Concord isn't like most law schools—and not just because it doesn't have a traditional infrastructure. The school is aimed at working professionals who think that legal education will help them in their current jobs. Students are allowed to enroll at four different times during the year. Their average age is 43, and nearly half of them already hold advanced degrees. If Currier is to be believed, however, they're wasting their money. Concord, he told a Business Week reporter last November, fails to provide "a sound program of legal education."

A month later, Concord announced its next dean: Barry Currier. "Well, a guy's allowed to change his mind, isn't he?" said the school's founding dean, Jack Goetz, who will make room for Currier this June by taking another position at Kaplan. Goetz insists that Currier was previously just spouting the ABA's line. But Goetz also acknowledges that Currier's influence at the ABA is attractive to Concord. The online school might be young, but its leaders are not naïve. They may well be looking to hire their way into the ABA's good graces.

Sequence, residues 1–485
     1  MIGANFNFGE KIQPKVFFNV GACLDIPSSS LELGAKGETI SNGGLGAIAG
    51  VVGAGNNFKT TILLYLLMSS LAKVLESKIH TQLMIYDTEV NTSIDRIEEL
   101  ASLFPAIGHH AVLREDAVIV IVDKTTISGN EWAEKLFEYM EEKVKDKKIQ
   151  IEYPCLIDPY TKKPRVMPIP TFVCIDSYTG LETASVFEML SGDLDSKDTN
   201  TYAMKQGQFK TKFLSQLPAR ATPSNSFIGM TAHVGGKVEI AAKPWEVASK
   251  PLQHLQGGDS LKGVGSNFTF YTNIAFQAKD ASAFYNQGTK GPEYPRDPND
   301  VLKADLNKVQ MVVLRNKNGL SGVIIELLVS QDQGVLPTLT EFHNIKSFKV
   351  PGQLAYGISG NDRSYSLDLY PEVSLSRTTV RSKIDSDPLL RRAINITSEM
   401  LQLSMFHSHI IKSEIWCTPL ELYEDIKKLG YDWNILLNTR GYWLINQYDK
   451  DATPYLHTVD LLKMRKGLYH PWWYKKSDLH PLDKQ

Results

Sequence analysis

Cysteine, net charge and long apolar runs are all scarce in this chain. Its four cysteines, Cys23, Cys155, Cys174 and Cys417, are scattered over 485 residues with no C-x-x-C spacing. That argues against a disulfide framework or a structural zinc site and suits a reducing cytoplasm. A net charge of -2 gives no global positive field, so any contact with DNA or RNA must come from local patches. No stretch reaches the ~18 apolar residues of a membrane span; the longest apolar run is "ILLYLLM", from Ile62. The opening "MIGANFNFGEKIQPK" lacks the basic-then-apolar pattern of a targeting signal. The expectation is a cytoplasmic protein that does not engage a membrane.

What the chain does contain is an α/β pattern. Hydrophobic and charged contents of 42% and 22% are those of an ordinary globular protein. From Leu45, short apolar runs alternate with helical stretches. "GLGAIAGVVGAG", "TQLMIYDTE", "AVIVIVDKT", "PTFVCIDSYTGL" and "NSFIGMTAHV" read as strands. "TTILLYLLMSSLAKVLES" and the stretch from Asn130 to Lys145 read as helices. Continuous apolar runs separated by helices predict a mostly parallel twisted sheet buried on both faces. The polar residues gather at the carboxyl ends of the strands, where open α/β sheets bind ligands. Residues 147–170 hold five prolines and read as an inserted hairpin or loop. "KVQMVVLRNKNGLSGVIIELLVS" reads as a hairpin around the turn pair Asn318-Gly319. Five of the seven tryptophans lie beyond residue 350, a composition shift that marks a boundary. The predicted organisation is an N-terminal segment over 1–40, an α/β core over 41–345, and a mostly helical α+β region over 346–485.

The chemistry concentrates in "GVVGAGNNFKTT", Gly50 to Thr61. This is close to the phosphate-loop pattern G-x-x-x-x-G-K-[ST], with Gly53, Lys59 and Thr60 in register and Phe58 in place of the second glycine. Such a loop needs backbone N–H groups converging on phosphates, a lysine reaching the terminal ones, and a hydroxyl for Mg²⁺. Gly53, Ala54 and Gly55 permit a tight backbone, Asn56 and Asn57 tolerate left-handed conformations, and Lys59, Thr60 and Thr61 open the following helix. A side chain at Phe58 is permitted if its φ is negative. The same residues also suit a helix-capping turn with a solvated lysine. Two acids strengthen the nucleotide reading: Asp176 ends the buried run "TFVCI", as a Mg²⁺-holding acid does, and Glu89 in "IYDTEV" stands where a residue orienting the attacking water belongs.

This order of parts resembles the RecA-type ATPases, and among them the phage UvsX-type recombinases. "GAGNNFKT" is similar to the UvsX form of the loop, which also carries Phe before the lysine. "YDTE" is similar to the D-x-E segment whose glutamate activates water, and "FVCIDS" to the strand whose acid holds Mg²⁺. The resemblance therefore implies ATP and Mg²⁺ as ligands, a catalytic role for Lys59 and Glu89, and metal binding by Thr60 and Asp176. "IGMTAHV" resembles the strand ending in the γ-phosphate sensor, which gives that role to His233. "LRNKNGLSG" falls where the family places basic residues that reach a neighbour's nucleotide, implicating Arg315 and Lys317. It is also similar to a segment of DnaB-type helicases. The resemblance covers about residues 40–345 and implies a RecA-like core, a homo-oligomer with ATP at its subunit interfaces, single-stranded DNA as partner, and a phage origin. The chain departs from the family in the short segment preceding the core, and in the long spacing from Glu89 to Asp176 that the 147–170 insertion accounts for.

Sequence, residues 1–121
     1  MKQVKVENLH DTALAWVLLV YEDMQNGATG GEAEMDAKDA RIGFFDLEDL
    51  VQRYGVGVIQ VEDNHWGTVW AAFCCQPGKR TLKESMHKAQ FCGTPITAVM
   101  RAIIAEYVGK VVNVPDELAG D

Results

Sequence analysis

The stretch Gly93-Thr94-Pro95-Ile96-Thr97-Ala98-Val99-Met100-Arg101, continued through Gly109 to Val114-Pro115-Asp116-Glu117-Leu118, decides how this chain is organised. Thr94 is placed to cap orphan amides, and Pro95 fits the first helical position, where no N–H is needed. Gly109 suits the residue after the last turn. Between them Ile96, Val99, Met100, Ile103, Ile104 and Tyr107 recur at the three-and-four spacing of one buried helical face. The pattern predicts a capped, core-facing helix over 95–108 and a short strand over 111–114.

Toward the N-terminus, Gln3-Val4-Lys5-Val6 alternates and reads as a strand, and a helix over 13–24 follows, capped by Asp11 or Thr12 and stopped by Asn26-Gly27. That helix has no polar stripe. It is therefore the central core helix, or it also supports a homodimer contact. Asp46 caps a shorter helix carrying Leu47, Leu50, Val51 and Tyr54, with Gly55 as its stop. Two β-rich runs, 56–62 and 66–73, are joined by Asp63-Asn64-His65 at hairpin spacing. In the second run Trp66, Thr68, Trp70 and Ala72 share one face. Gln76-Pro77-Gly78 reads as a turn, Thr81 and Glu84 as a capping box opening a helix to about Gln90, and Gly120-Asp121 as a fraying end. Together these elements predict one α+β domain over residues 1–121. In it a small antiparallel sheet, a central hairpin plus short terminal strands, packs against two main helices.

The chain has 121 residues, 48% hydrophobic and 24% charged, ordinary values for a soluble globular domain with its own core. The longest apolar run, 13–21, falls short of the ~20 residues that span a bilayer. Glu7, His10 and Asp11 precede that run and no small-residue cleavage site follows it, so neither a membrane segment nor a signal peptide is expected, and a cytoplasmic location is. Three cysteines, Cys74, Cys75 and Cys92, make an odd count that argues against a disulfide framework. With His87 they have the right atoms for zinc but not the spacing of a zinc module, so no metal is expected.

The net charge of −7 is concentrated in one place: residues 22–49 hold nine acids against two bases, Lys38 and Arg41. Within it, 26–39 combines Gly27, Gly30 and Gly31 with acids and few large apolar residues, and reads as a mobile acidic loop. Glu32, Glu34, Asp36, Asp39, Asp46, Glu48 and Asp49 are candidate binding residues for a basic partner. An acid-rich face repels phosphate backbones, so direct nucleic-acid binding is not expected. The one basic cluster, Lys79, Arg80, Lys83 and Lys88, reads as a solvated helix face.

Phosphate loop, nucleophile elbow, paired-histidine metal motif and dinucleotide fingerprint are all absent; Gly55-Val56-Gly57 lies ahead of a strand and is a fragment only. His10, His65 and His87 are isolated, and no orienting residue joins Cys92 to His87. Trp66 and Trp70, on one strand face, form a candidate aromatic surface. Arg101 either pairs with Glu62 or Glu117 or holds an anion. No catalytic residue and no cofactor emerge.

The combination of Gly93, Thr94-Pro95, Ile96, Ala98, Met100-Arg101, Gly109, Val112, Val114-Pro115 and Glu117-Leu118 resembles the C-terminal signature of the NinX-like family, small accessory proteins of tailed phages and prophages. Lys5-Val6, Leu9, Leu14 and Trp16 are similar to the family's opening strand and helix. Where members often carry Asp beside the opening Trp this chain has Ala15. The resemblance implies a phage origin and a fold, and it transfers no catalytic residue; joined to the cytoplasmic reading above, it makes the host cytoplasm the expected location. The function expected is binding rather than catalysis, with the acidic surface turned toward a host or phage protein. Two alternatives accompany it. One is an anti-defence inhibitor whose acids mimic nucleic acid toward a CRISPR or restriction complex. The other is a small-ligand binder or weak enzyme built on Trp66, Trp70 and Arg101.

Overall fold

Not so, said Currier. "The ABA's just one piece of what I've done," he said. Before he took charge of ABA accreditation in 2000, Currier was a real estate law professor and an associate dean at the University of Florida College of Law and then dean at Samford University's Cumberland School of Law in Alabama. But Currier admitted that it's his most recent work at the ABA that probably tipped the scales in his favor at Concord. He said that his job at the ABA has kept him in regular contact with judges, lawyers, bar administrators, and law school officials—allowing him to form connections to facilitate the "conversation" that, in his new view, is needed to push the legal community toward accepting online legal education.

As for the seemingly contradictory statements that he's made about Concord, Currier said that his mindset remains the same. "This doesn't change my fundamental point of view," Currier said of his hiring. "Concord can't be accredited the way the rules are currently written, and those rules will have to evolve."